Hull flex...good, bad, indifferent?

Upper end
I said up to. Some boats probably more, some less. I’d say the matrix in the infused Necky’s that I’ve paddled has been silly strong. In absolute abuse the boats have held up. Early models, like mine had the gel-coat issues, but I could care less about that. I think they could lighten the boats even more and equal industry standards for strength. I at 205 lbs. don’t need a kayak I can stand on! The materials are very tough.

I’ve seen non-gel coat boats that were far lighter and just as strong. Sure, UV is an issue, but use the right materials and that’s a long process. I don’t like gel-coat. But I’m a function guy.

here here
Well, Jed, you certainly hit the proverbial nail on the head!

Regrettably, my experience shows that to express a strong opinion on this board that deviates from the norm (i.e. we’re all cool, our boats are cool, and everyone who doesn’t agree with us is ignorant) is pretty much a waste of time and energy, unless you’re willing to fight the evil forces of coolness.

There is great truth to the phrase posted here earlier this month:

  • Arguing on the internet is like runng in the Special Olympics.
  • Even if you win, you’re still retarded.

YES Gelcoat adds pounds of weight
Salty, … soric looks cool too and I love the double function.

Divinycell is not the best thing out there for foam core… still lets extra resin in ( surface ) and breaks down over time… and thats all I’m sayin’ … LOL

What I really wish for is colored glass.

Not Texalium either.

Yeah, what I hear
Have a surf boat with Divinycell core and it’s stiff as can be, but I do have dents on the hull from rocky shore landings. Overall very happy. Composites, and the surrounding technology fascinate me.


You’re really reaching, Jed…

– Last Updated: Feb-27-06 6:19 PM EST –

...and with all due respect, you're wrong on virtually every count.

You can put stiff bulkheads in flexible boats and flexible bulkheads in stiff boats. All it takes is one look at a well used "British heavy" to see all the spider cracking around the rigid bulkheads to see that your assertion is simply untrue. You can get stress cracks in any hull with rigid bulkheads and you will if you use the boat hard enough.

The same is true of your leakage assertion. I've seen just as much leakage with rigid bulkheads as with flexible ones. It's all in how well they're installed.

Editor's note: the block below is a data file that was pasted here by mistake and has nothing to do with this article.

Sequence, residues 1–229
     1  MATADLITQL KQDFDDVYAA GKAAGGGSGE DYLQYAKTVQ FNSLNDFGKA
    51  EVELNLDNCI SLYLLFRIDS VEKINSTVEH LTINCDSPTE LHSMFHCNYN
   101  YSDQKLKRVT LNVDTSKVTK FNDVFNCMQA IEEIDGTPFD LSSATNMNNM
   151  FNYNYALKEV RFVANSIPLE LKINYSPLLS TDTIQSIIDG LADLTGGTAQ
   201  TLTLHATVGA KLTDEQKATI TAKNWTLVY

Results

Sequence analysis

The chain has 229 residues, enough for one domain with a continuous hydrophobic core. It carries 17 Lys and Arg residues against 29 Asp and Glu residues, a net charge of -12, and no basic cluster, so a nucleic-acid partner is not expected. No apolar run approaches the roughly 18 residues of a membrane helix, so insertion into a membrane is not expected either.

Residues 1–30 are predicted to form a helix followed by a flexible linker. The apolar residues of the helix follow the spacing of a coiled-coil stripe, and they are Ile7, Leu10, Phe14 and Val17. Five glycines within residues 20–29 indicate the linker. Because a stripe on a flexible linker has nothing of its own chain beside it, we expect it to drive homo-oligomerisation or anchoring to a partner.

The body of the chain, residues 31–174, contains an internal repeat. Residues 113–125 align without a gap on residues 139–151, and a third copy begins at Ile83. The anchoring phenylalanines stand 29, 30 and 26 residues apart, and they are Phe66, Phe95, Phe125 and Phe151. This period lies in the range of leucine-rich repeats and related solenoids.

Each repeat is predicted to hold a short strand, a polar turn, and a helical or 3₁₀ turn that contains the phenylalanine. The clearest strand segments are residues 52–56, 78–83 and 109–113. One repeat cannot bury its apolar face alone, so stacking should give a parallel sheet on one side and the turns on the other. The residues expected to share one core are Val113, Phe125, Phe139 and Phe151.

The only truly flexible bulkheads are those made of Minicel foam, but they're almost exclusively used in plastic boats. It's harder to seal them long-term in plastic boats, but that's because it's difficult to bond anything to polyethylene. It has little or nothing to do with the flexibility of the bulkhead material. I have installed Minicel bulkheads in fiberglass boats with ZERO leakage and it's easy to do.

Flexible hulls do not "fail catestophically" as you imply. They spread impact stresses over a larger area, so they are less likely to be damaged by an impact than a rigid hull. When the do fail, the most common initial failure mode is that the resin matrix fails and the hull gets "soft in the impact area". Structrual integrity is most often maintained and leakage is usually minimal. Given enough stress, they will ultimately fail, but it happens gradually.

In contrast, rigid hulls DO fail catestrophically, which is what a hole or crack is. If they cannot flex enough to absorb an impact, they laminate dissipates the stress by crushing or fracturing. You've seen rigid hulls nearly broken in half and with sheer seams blown wide open. That would be less likely to happen with a more resilient hull built with better materials (such as 'glass cloth instead of chopped strand mat).

A good analogy is bending a "green" stick vs. a dried one. The former will flex more and when it fails, it gets mushy at the failure point, but most of the fibers remain intact. The latter is more ridgid, but when it fails, it snaps in half or nearly so, with most or all of the fibers breaking.

As for repairing flexible layups, I can tell you from firsthand experience that it's no more difficult that repairing rigid layups and if it's done properly there is NO change in flex. I'll bet that you can't find spot that's more rigid than the original layup in any repair I've done.

While I can't vouch for Pat's construction, you know as well as I do that you could not do what he did to ANY rigid Brit' boat and expect it to survive more than one or two blows with the face of a hammer and I seriously doubt that they'd survive ANY blows with the claw. For that matter, they wouldn't survive being flexed flat, either. Dismissing Pat's video as mere "showmanship" is a cheap shot and knowing you to be a man of good character, I'd say that such a comment is beneath you.

We should all paddle what we're most comfortable in, but there's no valid defense for any company using antiquated, 1960's materials and methods in 21st century kayaks. I'd much rather have the new layups that VSK is using in my Pintail and Anas Acuta than the older ones I have.

Don’t know Jed, but
He seems an awesome guy from reading his posts throughout the past few years. I think he, like a lot of people, is simply not informed about composite technology, and like I some years ago, is simply repeating bad information given to him. I’m FAR from an expert on this stuff, but gosh I’ve had my eyes opened in the past four years. I agree with bnystrom and onnopaddle heavily on this thread. And that’s with a lot of years owning Brit boats. I look forward to Valleys new stuff!